As the subtitle implies, “The Dispossessed” contrasts two forms of social organization: a messy but vibrant capitalist society, which oppresses its underclass, and a classless “utopia” (partly based on the ideas of the Russian anarchist Peter Kropotkin), which turns out to be oppressive in its own conformist way. Ms. Le Guin leaves it up to the reader to find a comfortable balance between the two.
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“The Lathe of Heaven” (1971) offers a very different take on utopian ambitions. A man whose dreams can alter reality falls under the sway of a psychiatrist, who usurps this power to conjure his own vision of a perfect world, with unfortunate results.
“The Lathe of Heaven” was among the few books by Ms. Le Guin that have been adapted for film or television. There were two made-for-television versions, one on PBS in 1980 and the other on the A&E cable channel in 2002.
Among the other adaptations of her work were the 2006 Japanese animated feature “Tales From Earthsea” and a 2004 mini-series on the Sci Fi channel, “Legend of Earthsea.”
With the exception of the 1980 “Lathe of Heaven,” she had little good to say about any of them.
Ms. Le Guin always considered herself a feminist, even when genre conventions led her to center her books on male heroes. Her later works, like the additions to the Earthsea series and such Ekumen tales as “Four Ways to Forgiveness” (1995) and “The Telling” (2000), are mostly told from a female point of view.
In some of her later books, she gave in to a tendency toward didacticism, as if she were losing patience with humanity for not learning the hard lessons — about the need for balance and compassion — that her best work so astutely embodies.
At the 2014 National Book Awards, Ms. Le Guin was given the Medal for Distinguished Contribution to American Letters. She accepted the medal on behalf of her fellow writers of fantasy and science fiction, who, she said, had been “excluded from literature for so long” while literary honors went to the “so-called realists.”
She also urged publishers and writers not to put too much emphasis on profits.
“I have had a long career and a good one,” she said, adding, “Here at the end of it, I really don’t want to watch American literature get sold down the river.”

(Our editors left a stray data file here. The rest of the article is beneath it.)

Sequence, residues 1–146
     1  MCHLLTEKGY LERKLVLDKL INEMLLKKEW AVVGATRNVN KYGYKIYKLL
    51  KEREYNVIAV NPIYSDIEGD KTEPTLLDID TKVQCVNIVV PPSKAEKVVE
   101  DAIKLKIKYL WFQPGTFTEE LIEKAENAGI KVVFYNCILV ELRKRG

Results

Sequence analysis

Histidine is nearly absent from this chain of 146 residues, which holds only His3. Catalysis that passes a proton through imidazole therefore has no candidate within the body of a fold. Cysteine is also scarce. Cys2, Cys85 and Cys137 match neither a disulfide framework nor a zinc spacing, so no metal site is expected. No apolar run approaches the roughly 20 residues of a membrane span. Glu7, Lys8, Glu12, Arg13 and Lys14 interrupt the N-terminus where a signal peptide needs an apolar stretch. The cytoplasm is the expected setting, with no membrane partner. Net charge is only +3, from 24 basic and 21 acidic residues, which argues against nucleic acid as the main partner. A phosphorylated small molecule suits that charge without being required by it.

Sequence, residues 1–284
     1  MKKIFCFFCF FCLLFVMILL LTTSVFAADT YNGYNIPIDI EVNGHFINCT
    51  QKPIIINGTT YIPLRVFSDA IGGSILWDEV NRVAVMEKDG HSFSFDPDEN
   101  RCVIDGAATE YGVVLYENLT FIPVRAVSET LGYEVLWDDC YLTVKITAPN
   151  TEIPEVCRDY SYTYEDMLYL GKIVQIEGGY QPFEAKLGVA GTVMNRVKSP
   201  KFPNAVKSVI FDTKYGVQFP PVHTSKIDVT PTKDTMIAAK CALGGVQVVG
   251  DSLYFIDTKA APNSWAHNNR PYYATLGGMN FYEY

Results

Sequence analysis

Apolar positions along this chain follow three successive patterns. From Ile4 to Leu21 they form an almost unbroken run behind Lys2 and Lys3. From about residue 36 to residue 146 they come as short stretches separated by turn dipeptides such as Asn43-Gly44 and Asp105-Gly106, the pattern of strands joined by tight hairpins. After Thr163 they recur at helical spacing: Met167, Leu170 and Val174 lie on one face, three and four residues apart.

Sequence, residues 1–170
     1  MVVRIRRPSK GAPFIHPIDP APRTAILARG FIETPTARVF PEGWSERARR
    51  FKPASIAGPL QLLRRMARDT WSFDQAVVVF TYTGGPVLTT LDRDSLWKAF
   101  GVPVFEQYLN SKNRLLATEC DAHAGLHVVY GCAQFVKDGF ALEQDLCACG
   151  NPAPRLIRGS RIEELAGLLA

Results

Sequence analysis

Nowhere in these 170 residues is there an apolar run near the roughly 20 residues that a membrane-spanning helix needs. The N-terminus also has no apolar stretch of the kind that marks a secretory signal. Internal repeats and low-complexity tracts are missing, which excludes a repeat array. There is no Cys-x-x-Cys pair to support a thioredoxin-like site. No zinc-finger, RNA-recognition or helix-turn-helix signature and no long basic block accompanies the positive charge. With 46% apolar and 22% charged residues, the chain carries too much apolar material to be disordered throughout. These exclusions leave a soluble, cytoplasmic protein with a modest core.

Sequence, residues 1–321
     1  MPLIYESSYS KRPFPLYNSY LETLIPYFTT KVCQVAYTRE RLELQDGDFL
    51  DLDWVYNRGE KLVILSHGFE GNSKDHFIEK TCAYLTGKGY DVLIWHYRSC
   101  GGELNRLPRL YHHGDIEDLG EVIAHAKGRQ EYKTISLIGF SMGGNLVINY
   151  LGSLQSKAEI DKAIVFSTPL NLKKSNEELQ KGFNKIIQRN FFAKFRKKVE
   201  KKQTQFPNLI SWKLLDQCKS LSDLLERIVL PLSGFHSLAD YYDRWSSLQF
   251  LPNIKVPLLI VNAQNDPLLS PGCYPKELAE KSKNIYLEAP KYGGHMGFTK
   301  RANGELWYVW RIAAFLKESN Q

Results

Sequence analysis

© 2018 The New York Times Company
Monday, January 22, 2018
Reviewed by Jim Brock
Having devoted a lot more of my reading time in recent years to mysteries, its always a good day when I come across a new author - especially one who hits all the right notes for me. Stephen Axelrod does exactly that with NANTUCKET FIVE-SPOT. And for a bonus, there is a previous novel titled NANTUCKET SAWBUCK that I will be seeking out.
Axelrod's main man is Henry Kennis, Chief of Police in Nantucket. Kennis is a former Los Angeles policeman who has become the perfect person for the Nantucket chief's job.He understands the island and he understands the people. When an agent from Homeland Security comes stomping to the island in response to some bomb attacks that could ultimately threaten some of America's elite, Henry is not the type to be relegated to the background. Since that agent has a hidden agenda (don't they all) and his fellow, female agent has a Henry connection, things could be disastrous for the chief.
At the bottom of NANTUCKET FIVE-SPOT is a vengeful plot going back years and the very complexity of the plot is a chore to unravel. Sometimes the getting there is half the fun, Axelrod has the potential to join the list of mystery writers I love like Archer Meyer, Craig Johnson, William Kent Kruezer and others who have strong characters, good puzzles and settings in places I will never see but that adda lot of flavor and uniqueness to their books.
I'm looking for NANTUCKET SAWBUCK and I'm looking forward to more from Stephen Axelrod.
Monday, January 8, 2018
The Incrementalists are a secret society of two hundred people—an unbroken lineage reaching back forty thousand years. They cheat death, share lives and memories, and communicate with one another across nations and time. They have an epic history, an almost magical memory, and a very modest mission: to make the world better, a little bit at a time.
Now Phil, the Incrementalist whose personality has stayed stable through more incarnations than anyone else’s, has been shot dead. They’ll bring him back—but first they need to know what happened. Their investigation will lead down unexpected paths in Arizona, and bring them up against corruption, racism, and brutality in high and low places alike.
But the key may lay in one of Phil’s previous lives, in “Bleeding Kansas” in the late 1850s—and the fate of the passionate abolitionist we remember as John Brown.
Steven Brust and Skyler White's The Skill of Our Hands is the thrilling and thought-provoking follow-up to their critically acclaimed The Incrementalists.
"Boldly thought-provoking and warmly comfortable." —RT Book Reviews, Top Pick, on The Skill of Our Hands
STEVEN BRUST is the author of Dragon, Issola, the New York Times bestsellers Dzur and Tia ssa, and many other fantasy novels. He lives in Minneapolis.
SKYLER WHITE is the author of And Falling, Fly and In Dreams Begin. She lives in Texas.
On Sale: January 2, 2018, $16.99 USD | 9780765382894
Sunday, January 7, 2018
Miranda and Caliban is bestselling fantasy author Jacqueline Carey’s gorgeous retelling of The Tempest. With hypnotic prose and a wild imagination, Carey explores the themes of twisted love and unchecked power that lie at the heart of Shakespeare’s masterpiece, while serving up a fresh take on the play's iconic characters.
A lovely girl grows up in isolation where her father, a powerful magus, has spirited them to in order to keep them safe.